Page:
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Briefs -- Avista Utilities | California Renewables

On a 2-1 vote, the state of Washington Utilities and Transportation Commission (UTC) on Monday rejected a request by Spokane-based Avista Utilities to have its natural gas and electric rate case decisions from December reconsidered. UTC Chairman David Danner and Commissioner Ann Rendahl voted not to reconsider or rehear the 2016 rate case decision, while Commissioner Phil Jones, who filed a dissent in the original 2-1 decision, did so again on Monday. Avista's petition for a rehearing was opposed by UTC staff, the public counsel unit of the state Attorney General's Office, the Industrial Customers of Northwest Utilities, and the Northwest Industrial Gas Users. The combination utility had requested a two-phase increase of $4.4 million (5%) for natural gas rates the first 12 months and an additional $900,000 annual increase (1.8%) after 18 months; electric rates were pegged for a $38.6 million (7.8%) increase at first with an added $10.3 million (3.9%) after 18 months. The two commissioners in the majority decided that Avista failed to show that its current rates are not sufficient to meet its operating needs. Avista has 30 days to petition for judicial review in a state Superior Court.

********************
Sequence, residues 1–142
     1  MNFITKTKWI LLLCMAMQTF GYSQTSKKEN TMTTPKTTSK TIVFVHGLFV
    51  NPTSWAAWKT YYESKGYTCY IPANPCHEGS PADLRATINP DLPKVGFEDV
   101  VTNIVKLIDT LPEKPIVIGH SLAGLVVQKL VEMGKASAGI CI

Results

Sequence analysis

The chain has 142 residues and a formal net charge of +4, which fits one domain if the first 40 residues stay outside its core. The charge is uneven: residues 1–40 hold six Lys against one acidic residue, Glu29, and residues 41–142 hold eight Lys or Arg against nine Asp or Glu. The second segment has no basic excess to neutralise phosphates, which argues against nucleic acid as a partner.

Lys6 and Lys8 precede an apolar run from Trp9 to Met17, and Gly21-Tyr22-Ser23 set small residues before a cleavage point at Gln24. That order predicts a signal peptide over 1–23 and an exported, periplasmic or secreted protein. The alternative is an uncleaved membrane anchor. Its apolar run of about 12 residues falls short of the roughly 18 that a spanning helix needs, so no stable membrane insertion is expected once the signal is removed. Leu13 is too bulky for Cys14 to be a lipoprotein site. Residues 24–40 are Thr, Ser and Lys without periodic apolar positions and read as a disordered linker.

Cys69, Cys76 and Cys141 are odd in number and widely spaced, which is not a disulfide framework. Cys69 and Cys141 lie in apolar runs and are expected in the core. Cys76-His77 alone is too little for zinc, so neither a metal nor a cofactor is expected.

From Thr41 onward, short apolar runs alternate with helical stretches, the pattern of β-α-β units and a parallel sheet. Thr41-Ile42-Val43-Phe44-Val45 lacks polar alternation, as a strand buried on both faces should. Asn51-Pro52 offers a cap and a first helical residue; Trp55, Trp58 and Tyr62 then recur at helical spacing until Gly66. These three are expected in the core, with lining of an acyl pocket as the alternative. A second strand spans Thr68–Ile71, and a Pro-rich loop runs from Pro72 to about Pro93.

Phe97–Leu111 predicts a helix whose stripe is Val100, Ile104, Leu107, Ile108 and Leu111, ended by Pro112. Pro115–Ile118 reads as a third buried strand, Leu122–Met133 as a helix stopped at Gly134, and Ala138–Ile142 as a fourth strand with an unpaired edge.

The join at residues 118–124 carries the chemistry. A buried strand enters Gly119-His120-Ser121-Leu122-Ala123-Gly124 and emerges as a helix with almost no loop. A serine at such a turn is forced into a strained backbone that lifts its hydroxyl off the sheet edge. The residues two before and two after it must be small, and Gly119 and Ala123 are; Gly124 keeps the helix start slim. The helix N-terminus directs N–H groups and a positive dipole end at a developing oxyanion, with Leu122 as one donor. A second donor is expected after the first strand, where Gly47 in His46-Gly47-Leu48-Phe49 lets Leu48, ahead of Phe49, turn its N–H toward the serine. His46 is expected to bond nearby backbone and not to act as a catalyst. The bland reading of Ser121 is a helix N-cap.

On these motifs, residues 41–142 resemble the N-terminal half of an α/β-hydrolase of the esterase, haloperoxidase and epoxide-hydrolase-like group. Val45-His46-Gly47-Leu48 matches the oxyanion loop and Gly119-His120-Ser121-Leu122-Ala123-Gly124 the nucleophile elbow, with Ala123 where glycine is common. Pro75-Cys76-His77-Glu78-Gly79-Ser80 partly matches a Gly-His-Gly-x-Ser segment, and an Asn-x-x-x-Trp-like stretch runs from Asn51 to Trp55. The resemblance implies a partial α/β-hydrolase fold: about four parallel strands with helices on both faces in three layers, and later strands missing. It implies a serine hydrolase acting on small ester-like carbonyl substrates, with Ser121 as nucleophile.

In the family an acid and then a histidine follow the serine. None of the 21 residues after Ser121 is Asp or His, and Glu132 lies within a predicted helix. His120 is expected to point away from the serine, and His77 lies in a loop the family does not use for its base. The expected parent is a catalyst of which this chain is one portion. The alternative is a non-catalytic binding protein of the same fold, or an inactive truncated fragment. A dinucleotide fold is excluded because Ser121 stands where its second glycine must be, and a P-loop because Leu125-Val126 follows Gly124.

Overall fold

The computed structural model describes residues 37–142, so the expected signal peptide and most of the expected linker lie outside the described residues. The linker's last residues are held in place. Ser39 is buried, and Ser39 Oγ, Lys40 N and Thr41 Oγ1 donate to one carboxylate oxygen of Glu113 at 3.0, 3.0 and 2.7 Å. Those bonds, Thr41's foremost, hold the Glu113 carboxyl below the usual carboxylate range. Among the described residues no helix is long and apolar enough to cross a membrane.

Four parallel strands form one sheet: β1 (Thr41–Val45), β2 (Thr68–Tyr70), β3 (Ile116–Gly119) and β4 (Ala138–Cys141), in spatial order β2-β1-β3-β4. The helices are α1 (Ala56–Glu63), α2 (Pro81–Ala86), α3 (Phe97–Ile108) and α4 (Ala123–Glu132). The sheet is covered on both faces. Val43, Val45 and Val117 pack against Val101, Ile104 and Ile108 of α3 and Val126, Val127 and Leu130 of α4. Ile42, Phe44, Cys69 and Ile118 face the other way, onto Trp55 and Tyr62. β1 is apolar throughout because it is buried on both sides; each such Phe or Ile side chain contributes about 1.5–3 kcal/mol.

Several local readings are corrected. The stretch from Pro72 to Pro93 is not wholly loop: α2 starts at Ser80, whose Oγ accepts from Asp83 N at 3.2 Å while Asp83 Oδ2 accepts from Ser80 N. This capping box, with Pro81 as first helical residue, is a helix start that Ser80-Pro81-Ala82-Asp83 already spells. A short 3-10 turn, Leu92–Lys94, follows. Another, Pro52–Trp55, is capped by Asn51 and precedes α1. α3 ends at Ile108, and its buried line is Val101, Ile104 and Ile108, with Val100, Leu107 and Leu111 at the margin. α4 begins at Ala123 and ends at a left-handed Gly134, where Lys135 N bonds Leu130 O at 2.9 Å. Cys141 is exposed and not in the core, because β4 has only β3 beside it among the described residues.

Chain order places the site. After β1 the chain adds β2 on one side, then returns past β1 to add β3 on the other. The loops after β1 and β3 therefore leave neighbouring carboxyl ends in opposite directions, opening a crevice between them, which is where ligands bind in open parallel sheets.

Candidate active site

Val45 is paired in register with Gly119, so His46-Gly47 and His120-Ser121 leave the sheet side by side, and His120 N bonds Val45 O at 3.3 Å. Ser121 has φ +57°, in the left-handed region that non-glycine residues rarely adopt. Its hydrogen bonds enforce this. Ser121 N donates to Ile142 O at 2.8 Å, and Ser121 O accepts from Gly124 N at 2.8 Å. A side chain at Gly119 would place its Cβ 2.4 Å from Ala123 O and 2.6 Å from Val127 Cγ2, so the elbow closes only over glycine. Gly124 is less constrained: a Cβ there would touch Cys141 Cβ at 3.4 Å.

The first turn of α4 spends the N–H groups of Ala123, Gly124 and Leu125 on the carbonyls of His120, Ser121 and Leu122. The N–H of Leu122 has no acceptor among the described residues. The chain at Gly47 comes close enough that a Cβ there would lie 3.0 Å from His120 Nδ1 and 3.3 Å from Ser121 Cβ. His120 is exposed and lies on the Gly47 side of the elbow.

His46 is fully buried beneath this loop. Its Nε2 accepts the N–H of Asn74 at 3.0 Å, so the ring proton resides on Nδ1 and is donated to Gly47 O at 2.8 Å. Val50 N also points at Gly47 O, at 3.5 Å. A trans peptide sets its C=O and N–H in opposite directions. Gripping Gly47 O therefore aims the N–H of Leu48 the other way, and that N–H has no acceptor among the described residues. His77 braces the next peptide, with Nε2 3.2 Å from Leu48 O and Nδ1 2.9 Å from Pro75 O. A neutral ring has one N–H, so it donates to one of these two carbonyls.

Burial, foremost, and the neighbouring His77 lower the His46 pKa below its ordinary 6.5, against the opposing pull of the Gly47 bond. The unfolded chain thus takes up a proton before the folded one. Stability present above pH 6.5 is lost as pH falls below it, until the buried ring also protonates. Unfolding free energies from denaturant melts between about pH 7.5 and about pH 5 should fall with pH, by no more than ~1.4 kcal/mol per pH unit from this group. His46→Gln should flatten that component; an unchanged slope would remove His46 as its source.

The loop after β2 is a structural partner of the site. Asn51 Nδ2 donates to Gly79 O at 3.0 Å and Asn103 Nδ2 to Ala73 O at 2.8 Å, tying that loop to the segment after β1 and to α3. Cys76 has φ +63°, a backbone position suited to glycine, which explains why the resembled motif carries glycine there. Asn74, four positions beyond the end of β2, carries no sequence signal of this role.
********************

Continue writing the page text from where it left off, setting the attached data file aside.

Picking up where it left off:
California Senate President pro Tempore Kevin de Leon has submitted a bill (SB 584) calling for mandating that 100% of the state's power come from renewable resources by 2045. Current California renewable standards call for 33% of the power from renewables by 2020 and 50% by 2030. De Leon's bill would move up the 50% requirement to 2025 and phase in goals over the subsequent 20 years. At the end of 2015, California's three major utilities were at 27.6% renewables. Peter Miller, a senior scientist at the Natural Resources Defense Council, said the SB 584 goal is realistic as the utilities are racing ahead of existing renewable milestones. He claims wind and solar power are now the lowest-cost options for new generation when their emissions benefits are factored in.

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